The man suspected of killed six people and wounding more than 30 after opening fire on the Fourth of July parade Monday in Highland Park, Ill., “pre-planned this attack for several weeks” and wore a disguise of women’s clothing and possibly a long wig in order to escape the scene by blending into the crowd, police said.
Robert “Bobby” E. Crimo III, 21, of Highwood, Ill., also had a second rifle in his car when he was apprehended by police hours after the parade attack, Lake County Sheriff’s Office Deputy Chief and Public Information Officer Chris Covelli said at a press conference today.
Both that weapon and the rifle dropped at the scene of the attack were legally purchased locally on separate occasions by Crimo, he said, along with handguns that were recovered at Crimo’s residence.
The mass shooting began at 10:14 a.m. during the parade; Covelli said that the community “has been absolutely terrific” in assisting investigators by turning over both cell phone video and static video from businesses’ cameras. While investigators are still working to construct the timeline, Covelli said the shooter brought a high-powered rifle “similar to an AR-15” to the scene and climbed the fire escape ladder at one of the businesses along the parade route. He fired over 70 rounds during the attack, and the selection of victims “appears to be completely random.”
After dropping the rifle, Covelli said the shooter, dressed in women’s clothing “to conceal facial tattoos” and escape, blended in with the crowd and walked to his mother’s house, where he borrowed her car.
“He wore that in an attempt to conceal himself,” Covelli said of the women’s clothes, adding later that since witnesses described a long-haired shooter “a wig isn’t out of the question.” A photo of Crimo’s arrest shows him clad in a black shirt, red undershirt, and black pants, with at least chin-length hair.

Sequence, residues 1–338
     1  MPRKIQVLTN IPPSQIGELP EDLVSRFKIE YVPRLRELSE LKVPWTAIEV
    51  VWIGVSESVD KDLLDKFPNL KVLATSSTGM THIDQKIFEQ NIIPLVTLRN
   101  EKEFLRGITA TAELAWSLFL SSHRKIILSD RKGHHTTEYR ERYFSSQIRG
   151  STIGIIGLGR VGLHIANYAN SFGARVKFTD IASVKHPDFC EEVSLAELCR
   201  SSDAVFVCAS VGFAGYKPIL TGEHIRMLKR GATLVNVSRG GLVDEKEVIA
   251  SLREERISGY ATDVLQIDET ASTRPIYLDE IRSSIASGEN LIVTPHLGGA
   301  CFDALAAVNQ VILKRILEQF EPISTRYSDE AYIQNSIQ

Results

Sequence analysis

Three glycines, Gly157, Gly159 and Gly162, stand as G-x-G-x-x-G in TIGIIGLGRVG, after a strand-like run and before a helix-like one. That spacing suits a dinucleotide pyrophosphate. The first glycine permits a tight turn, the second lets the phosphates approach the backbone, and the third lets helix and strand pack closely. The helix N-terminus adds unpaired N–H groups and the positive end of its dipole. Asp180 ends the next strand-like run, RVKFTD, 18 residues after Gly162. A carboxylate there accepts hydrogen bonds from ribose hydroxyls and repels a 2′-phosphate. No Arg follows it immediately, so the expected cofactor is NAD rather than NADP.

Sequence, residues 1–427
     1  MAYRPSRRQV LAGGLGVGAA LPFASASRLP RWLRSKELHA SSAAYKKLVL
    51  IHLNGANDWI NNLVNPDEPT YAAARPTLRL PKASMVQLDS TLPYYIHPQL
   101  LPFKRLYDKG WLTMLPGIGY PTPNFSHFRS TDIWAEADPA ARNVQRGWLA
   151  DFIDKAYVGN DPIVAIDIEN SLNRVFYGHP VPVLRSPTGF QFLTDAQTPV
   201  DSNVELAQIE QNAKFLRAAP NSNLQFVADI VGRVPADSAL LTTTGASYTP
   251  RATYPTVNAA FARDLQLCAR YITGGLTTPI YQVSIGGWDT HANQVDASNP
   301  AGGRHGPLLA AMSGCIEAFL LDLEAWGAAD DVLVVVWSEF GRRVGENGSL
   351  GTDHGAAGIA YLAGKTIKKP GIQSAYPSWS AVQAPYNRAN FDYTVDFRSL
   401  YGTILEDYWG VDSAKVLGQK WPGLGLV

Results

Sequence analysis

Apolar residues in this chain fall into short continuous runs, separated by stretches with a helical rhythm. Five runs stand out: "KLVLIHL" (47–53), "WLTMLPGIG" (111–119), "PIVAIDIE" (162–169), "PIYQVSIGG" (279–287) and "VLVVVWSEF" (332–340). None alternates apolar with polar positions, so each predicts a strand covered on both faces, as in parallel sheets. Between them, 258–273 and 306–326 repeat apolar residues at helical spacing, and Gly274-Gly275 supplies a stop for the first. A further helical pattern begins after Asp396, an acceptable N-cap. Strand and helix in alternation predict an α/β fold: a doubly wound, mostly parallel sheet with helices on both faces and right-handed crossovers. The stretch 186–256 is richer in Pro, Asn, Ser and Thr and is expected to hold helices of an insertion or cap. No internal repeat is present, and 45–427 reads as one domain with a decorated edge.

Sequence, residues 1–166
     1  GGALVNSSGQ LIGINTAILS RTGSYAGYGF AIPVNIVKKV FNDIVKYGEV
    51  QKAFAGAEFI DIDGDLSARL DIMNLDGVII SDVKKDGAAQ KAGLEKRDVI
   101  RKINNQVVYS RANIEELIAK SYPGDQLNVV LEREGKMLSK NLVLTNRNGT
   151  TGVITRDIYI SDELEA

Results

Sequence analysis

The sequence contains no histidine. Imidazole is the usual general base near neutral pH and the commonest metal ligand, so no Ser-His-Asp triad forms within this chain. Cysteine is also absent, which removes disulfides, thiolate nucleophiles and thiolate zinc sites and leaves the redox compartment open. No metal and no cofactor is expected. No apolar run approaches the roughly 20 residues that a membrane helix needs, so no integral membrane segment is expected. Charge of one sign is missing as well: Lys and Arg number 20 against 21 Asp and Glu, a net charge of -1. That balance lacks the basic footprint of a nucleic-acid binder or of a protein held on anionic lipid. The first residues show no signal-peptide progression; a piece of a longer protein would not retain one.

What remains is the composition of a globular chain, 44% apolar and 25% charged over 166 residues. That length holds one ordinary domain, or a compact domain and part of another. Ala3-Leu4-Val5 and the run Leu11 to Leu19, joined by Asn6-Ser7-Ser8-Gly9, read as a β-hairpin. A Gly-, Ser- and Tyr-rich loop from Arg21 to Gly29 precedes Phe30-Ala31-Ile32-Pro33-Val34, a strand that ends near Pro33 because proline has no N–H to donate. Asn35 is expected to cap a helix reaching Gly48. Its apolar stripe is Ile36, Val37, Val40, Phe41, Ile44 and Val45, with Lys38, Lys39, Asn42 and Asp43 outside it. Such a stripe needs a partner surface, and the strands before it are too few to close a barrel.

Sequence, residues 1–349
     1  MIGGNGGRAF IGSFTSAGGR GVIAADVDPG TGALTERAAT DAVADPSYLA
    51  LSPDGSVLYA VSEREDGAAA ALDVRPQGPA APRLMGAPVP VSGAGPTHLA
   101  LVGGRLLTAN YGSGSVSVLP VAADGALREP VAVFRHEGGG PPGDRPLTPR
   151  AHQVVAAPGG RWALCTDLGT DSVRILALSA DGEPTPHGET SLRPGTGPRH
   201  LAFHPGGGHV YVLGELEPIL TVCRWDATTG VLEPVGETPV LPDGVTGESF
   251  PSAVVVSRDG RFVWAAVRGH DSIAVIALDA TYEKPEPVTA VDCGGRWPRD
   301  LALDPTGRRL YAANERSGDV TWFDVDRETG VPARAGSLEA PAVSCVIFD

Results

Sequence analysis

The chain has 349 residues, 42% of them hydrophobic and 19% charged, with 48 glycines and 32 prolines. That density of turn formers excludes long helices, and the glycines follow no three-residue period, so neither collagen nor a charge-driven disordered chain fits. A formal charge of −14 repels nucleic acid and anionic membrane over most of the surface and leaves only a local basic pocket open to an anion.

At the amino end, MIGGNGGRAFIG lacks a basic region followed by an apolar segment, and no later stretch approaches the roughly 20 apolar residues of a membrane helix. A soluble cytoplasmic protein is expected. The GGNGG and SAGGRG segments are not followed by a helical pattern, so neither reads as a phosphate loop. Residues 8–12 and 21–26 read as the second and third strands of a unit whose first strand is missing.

#BREAKING: just got this from a source showing the arrest happening about 45 mins ago.
— Brónagh Tumulty (@BronaghTumulty) July 5, 2022
When Crimo went to his mother’s house there was “no indication he provided any information to her.” An alert member of community saw the vehicle and called 911; it was then spotted by a North Chicago police officer, and Crimo was stopped and taken into custody.
Covelli said that “there are no indications there was anyone else involved in this attack” as investigators are still developing leads and “very critical information.”
“At this point we have not developed a motive from him,” he said, stating that as conversations with the suspect continue authorities “have no information to suggest” the shooter was motivated by religion, race, or any other hatred toward a protected status.
Crimo, who posted videos online under the name Awake The Rapper, most recently posted a music video set in an empty classroom, holding an American flag over his shoulder and wearing tactical gear.
Another animated video depicts a school shooter opening fire and then lying in a pool of blood after being confronted by police.
Crimo was also active on other forms of social media, including hosting his own Discord server, and also posted frequently to a message board — including posting a video of a beheading last week — that discussed graphic depictions of murder, suicide and death.
Covelli said police are reviewing the videos and posts. “Those are going to be a part of any investigation,” he said. “We’ll look at them and see what they reveal.”
Asked whether local police received any tips before the shooting from citizens concerned about the content, Covelli said they had not. “We were not made aware of these videos,” he said.
Officials are expected to announce charges against Crimo later today.
“Yesterday’s celebration of our nation was punctured by tragedy, with yet another mass shooting,” Homeland Security Secretary Alejandro Mayorkas said in a statement today. “In Highland Park, Illinois, families gathered for a patriotic Fourth of July parade fell victim to gunfire and profound loss. We commend the exceptional work of law enforcement to respond to this violence.”
“The security of our homeland requires more; it requires all of us, together, to address the epidemic of targeted gun violence, including the development and implementation of new community-based models of prevention and intervention,” Mayorkas continued. “The Department of Homeland Security will redouble its work in this critical area and help lead the effort to prevent violence in communities across our country.”